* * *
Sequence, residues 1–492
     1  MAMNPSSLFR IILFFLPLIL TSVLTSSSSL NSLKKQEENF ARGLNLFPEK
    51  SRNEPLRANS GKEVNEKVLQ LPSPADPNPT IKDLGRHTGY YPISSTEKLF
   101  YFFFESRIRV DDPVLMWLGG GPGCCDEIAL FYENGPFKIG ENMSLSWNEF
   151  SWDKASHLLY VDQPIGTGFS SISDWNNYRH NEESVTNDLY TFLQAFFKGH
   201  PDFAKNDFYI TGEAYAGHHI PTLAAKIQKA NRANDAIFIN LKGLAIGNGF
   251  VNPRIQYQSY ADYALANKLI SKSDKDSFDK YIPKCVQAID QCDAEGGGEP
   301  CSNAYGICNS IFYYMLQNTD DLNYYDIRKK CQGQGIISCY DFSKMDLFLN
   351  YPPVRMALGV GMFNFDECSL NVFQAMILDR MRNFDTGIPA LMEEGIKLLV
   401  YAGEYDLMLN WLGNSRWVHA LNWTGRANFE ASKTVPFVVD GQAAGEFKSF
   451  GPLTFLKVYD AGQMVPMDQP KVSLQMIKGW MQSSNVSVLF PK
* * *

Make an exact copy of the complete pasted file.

Sequence, residues 1–492
     1  MAMNPSSLFR IILFFLPLIL TSVLTSSSSL NSLKKQEENF ARGLNLFPEK
    51  SRNEPLRANS GKEVNEKVLQ LPSPADPNPT IKDLGRHTGY YPISSTEKLF
   101  YFFFESRIRV DDPVLMWLGG GPGCCDEIAL FYENGPFKIG ENMSLSWNEF
   151  SWDKASHLLY VDQPIGTGFS SISDWNNYRH NEESVTNDLY TFLQAFFKGH
   201  PDFAKNDFYI TGEAYAGHHI PTLAAKIQKA NRANDAIFIN LKGLAIGNGF
   251  VNPRIQYQSY ADYALANKLI SKSDKDSFDK YIPKCVQAID QCDAEGGGEP
   301  CSNAYGICNS IFYYMLQNTD DLNYYDIRKK CQGQGIISCY DFSKMDLFLN
   351  YPPVRMALGV GMFNFDECSL NVFQAMILDR MRNFDTGIPA LMEEGIKLLV
   401  YAGEYDLMLN WLGNSRWVHA LNWTGRANFE ASKTVPFVVD GQAAGEFKSF
   451  GPLTFLKVYD AGQMVPMDQP KVSLQMIKGW MQSSNVSVLF PK